Above you see a picturesque small town in central Germany. It is old, at least middle ages judging by the stone church in the center of town. The vineyards, utilizing steep hillsides, show that agriculture was innovative. It was from central Italy that the root stock for fine German wine was carried, in the packs of Roman soldiers, for their coveted drink. These grapes were planted any and everywhere Rome conquered. In Germany, growing grapes is a challenge, unless you happen to have a large river with hillsides. which hold in the heat. and create a perfect micro-climate.
Rivers gave Roman’s a place to grow grapes, and the waters to transport any material need to colonize the known world. Every great city sits on the banks of a port, and inland country utilizes rivers as veins to the greater ocean trade zones around the world. River driven micro-climate agriculture interests me because Leafhopper Farm is located on the hillside of one of America’s rivers; The Snoqualmie.
Most major settlement on this planet revolves around water. Recently, I had the pleasure of exploring one of the most famous and ancient river systems in Europe; The Rhine. Along it spans a history of human civilization and engineering that shows the world how management of water can create one of the busiest trade routs on earth, and support cities that were unmatched in their day.
Koln (Cologne) in West Germany, is a wonderful example of metropolitan settlement made possible by rivers. It’s similar to that first settlement picture in this article, on steroids, but the same basic principals of settlement exist. There’s a central church, surrounding homes and places of commercial trade, then agriculture on the outer edges. In the case of bigger cities like Cologne, the agriculture is outside of town, but easy to transport along the river into industrial areas where it can be processed.
The mill below is a great example of this food distribution. If you recall the first picture in this article again, you’ll see two silos further back from the river’s edge. Chances are, that village used to be closer to the water, but canal building, which began on The Rhine in the 1820s, moved the river in many places, straightening it to ease transport and encourage strong flow year round. Before this, in summertime, it could be impossible to navigate the waters in many places due to sediment buildup in the river bottom and a lack of water in the rivers themselves. Once the canals were made safe to travel, predictable supply lines for major cities could function, and agriculture on and near The Rhine exploded.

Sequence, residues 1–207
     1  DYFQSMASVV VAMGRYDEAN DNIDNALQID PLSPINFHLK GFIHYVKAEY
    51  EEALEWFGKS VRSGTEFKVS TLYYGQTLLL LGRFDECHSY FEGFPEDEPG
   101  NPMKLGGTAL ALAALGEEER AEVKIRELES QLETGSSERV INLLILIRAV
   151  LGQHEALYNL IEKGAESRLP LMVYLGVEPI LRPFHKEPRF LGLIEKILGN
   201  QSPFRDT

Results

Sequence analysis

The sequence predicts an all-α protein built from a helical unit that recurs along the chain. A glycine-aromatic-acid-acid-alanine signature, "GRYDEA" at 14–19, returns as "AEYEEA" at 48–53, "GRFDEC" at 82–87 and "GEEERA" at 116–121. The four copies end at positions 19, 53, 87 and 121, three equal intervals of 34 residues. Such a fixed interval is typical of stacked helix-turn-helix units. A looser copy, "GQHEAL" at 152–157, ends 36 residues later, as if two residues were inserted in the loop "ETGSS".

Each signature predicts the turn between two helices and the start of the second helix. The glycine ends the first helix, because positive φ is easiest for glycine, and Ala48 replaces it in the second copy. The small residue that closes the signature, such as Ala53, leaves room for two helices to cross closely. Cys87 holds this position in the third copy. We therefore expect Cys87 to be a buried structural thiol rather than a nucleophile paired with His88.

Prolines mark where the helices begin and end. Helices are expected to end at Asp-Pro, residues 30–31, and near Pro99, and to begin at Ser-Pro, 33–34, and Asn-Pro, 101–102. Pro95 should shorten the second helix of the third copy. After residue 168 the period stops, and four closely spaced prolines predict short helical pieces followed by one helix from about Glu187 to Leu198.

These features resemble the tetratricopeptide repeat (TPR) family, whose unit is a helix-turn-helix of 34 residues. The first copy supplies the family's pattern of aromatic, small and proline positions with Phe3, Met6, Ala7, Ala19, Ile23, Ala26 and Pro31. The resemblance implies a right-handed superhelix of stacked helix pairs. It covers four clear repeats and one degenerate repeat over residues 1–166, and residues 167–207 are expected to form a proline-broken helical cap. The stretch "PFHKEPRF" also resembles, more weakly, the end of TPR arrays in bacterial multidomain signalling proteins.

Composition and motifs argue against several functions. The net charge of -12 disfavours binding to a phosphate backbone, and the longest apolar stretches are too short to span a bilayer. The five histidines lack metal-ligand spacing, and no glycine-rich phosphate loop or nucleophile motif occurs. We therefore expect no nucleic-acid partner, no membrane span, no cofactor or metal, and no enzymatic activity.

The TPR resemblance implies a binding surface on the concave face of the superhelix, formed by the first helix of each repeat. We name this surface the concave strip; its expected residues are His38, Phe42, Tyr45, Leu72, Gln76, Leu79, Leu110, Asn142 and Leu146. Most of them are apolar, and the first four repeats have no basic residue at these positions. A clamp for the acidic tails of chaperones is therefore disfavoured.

With all the wealth being generated in shipping trade along these waters, fortifications sprung up to “protect” merchants by demanding a toll for safe passage. In what is today Germany, along The Rhine, there are countless castles and derelict forts which once controlled the river. King Louis XIV is credited with burning most of them to the ground. Many were destroyed and rebuilt again and again, as the wealth of Rhine life was too good to pass up. Sadly, agriculture suffered greatly through these times of conflict, and cities that relied on these rural goods often went hungry. Urban people suffered bouts of plague and starvation due to overcrowded conditions and little sanitation; while rural peasants lived in fear of marauding armies.
A few families with money and influence got wise to river conflict and chose to remove themselves from central action. Families like the Eltz formed a conglomeration “Ganerbenburg” and the three family branches built one big castle near rich farmland on a plateau above The Moselle River, a tributary of The Rhine. The castle is surrounded by The Elzbach River, which is un-navigable, but flows year round and could support three families and their extended household. Not a commercial river, but flowing water none the less. One branch of the family still lives within its walls today and is the 33 generation to do so.
Back on The Rhine, along with The Moselle, vineyards abound, as these river micro-climates are the only places to grow grapes in Germany. All the hillsides are utilized, and the grapes must be harvested by hand, as heavy equipment cannot move along the incline. It makes this wine today un-affordable outside Germany and little is exported. You’ll have to make your own trip to the region to enjoy its hard earned drink.
The Rhine River is totally controlled now by bulk heads along its banks and locks with large dams to control it’s flow while still allowing ships through. No salmon swim in it’s current any longer, though before industry, fishing was the main source of economy in most villages. Today this large river is a major shipping lane, ending in Rotterdam, the largest port in Europe, considered the continent’s gateway.
My home town river, The Snoqualmie, has wild banks and no dams. It floods seasonally and winds its way around the landscape, even creating the famous Snoqualmie Falls. Leafhopper Farm sits 400 feet above the river on south facing slope towards the valley. Unlike The Rhine, my little corner of Duvall, like much of Western Washington, retained huge evergreen trees which do not offer quite the same direct river micro-climate warm up, but there is still a warmer atmosphere in winter, more to do with Pacific marine winds and The Cascades.
These two comparative photos say it all: wild and curvy versus straight and engorged.
The parting shot accompanying this narrative is one I took from the bow of our ship heading up The Rhine on our final day of travel. Both banks are cemented and rocked, straightened and widened for boat traffic. It’s a river crafted into a highway by the hands of man. I’m so thankful that this day and age, people understand what the cost of river development means for the water and surrounding life on its banks. The Rhine still struggles with massive flooding and erosion, challenges brought on by an engineering feat of navigational achievement.